The Iron Lady in Parliament: Thatcher archive clips
By Ed Lowther
BBC Democracy Live
As The Iron Lady hits the multiplexes, Meryl Streep is being tipped for an Oscar for her portrayal of Baroness Thatcher.
But just how realistic is her rendition? To help you decide, BBC Democracy Live has compiled a series of parliamentary clips of the original Iron Lady.
Cameras were not allowed into the Commons until 1989, so recordings of many of the PM's speeches to Parliament are audio only.
3 April 1982: Falklands crisis prompts emergency debate
In the absence of video cameras, artists were deployed in the Commons to sketch MPs as they spoke
As she makes the decision to go to war in the Falklands in the film, Meryl Streep's Mrs Thatcher faces determined lobbying from defence chiefs, her cabinet colleagues and US Secretary of State Al Haig.
But this Newsnight report also illustrates the intense pressure she was under, in Parliament, in real life.
The special edition of Newsnight was broadcast on 3 April 1982, reporting on a highly unusual Saturday sitting of the Commons which enabled MPs to discuss the outbreak of the Falklands war.
Mrs Thatcher announced victory in the Falklands after a six-week campaign.
In real life, the announcement was welcomed by Labour leader Michael Foot, who said it would prompt "widespread, genuine rejoicing". He congratulated Mrs Thatcher and drew attention to the "many fruitful lessons in diplomacy" that could be drawn from the affair.
Yet the film's version of Mr Foot appears despondent at the news and is accused by Meryl Streep's Iron Lady of "carping" and failing to recognise that it was a day "to take pride in being British".
Artistic licence, maybe, but it is also a vivid distillation into a short sequence of the political capital that accrued to the Conservatives in the aftermath of the war.
19 April 1983: 'Frightened! Frit!'
A relatively humdrum Commons exchange on inflation descended into chaos as deputy Labour leader Denis Healey advises Mrs Thatcher to "cut and run".
The intervention, shouted out while Mr Foot puts questions to the PM, prompted a rare loss of composure from Mrs Thatcher, who accused Mr Healey of being "frightened!" and, more colloquially, "frit!" of the prospect of an election.
The tone of such exchanges is faithfully represented in the film's scene where Mr Foot, played by Michael Pennington, charges the government with letting "the rich get richer" and believing that "the poor are irrelevant".
There is also a nod to the "frightened" line in a flashback of Mrs Thatcher's past Commons appearances that features towards the end of the film.
29 March 1990: Poll tax row escalates
Mrs Thatcher and Mr Kinnock clashed at prime minister's questions over the government's bid to introduce a poll tax
In this video, Neil Kinnock, Mr Foot's successor as opposition leader, dismissed as "claptrap" Mrs Thatcher's defence of the poll tax, a flat-rate tax which would be levied on every adult in the UK.
Days after this Commons clash, riots broke out in central London as opponents of the plans took to the streets to make their views known.
Former Conservative Defence Secretary Michael Heseltine, then a backbench MP and opponent of the poll tax, challenged Mrs Thatcher for the Conservative Party leadership later in the year.
The film focuses on the rioting and the intra-party tensions that pre-empted the end of Mrs Thatcher's political career, and leaves Mr Kinnock out of the narrative entirely.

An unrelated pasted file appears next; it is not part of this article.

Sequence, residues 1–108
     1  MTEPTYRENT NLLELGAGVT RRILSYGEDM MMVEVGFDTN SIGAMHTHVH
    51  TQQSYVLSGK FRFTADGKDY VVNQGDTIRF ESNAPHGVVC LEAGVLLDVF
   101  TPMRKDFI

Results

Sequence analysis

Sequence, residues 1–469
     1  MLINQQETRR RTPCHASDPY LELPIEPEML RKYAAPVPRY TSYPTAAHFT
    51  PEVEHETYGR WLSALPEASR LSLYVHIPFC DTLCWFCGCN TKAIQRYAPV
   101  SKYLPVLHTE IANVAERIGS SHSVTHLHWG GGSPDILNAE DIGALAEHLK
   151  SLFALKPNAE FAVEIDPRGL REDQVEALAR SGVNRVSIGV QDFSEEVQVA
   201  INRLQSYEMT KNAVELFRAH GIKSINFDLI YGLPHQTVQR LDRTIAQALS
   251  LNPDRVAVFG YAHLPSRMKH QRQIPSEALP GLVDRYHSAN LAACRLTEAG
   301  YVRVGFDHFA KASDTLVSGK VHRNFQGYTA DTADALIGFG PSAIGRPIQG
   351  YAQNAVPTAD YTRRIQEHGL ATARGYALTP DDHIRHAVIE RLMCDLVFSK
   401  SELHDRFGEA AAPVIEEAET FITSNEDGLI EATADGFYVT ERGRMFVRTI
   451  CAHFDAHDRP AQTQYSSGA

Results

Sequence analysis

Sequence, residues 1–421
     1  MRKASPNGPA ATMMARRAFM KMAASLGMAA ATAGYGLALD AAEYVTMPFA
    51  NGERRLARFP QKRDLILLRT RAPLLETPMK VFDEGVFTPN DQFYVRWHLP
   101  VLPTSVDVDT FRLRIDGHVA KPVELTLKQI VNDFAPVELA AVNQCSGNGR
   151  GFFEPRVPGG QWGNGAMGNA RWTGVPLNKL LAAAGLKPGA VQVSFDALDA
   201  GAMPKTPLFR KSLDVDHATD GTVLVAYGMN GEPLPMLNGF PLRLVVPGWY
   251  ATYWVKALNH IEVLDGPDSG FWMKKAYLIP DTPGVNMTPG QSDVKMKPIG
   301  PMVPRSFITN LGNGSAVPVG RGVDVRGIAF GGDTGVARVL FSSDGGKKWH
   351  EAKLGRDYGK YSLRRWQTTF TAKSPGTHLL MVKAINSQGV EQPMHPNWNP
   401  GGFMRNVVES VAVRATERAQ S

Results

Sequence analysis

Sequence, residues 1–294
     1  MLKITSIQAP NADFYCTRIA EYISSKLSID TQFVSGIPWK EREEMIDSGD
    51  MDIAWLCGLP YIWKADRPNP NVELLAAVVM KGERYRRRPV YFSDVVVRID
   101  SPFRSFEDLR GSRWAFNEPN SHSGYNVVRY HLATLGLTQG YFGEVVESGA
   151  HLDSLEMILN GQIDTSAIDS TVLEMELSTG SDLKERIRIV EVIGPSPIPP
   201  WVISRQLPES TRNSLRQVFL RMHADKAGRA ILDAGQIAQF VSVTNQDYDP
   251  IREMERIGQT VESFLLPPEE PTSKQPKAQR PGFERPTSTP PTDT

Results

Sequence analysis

The Guardian's Mike White
this is because the producers wanted to "keep it simple for American audiences".
30 October 1990: 'No! No! No!'
On her return from the Rome Summit of European Community leaders, at which talks on farm subsidies had collapsed, Mrs Thatcher faced a grilling from Mr Kinnock on the UK's relationship with Europe
Mrs Thatcher famously had three words about European Commission President Jacques Delors' aim to make the European Parliament the most powerful democratic institution in Europe: "No! No! No!"
Her stance played well in some quarters of the popular press - two days later, the Sun's front page headline read "Up yours, Delors".
But it would come back to haunt her. Foreign Secretary Sir Geoffrey Howe resigned his post two weeks later, arguing that her attitude towards Europe was a "tragedy" that was "running increasingly serious risks for the future of our nation".
Mr Howe's devastating resignation speech to the Commons features in the film, although it is portrayed as having been prompted more by workplace bullying than any specific policy differences. The original speech can be found
on this page.
Homage is also paid to Mrs Thatcher's decisive repetition of the word "no" in the Iron Lady, albeit in a different context: interestingly, it is directed at US Secretary of State Al Haig rather than European federalists.
22 November 1990: 'I'm enjoying this!'
Mrs Thatcher defiantly upbraids the Labour Party in her final Commons speech as PM
Margaret Thatcher, having announced her intention earlier in the day to resign as prime minister, faced a vote of no confidence in the Commons and defended her record in office in what would turn out to be her final speech at the despatch box.
After a shaky start, Mrs Thatcher warmed to her theme.
In this extract, taken from the middle of a speech that does not appear in the film, the prime minister comes out fighting on one of the issues that had contributed most to her downfall: Europe.
Reviewing the Iron Lady, BBC political editor Nick Robinson
that Mrs Thatcher's "friends won't like the personal aspects of this film. Her enemies won't like the political - essentially Thatcherite - take on history."
But perhaps friend and foe would agree that the film successfully conveys the resolute character and oratorical skill evident in these archive clips.
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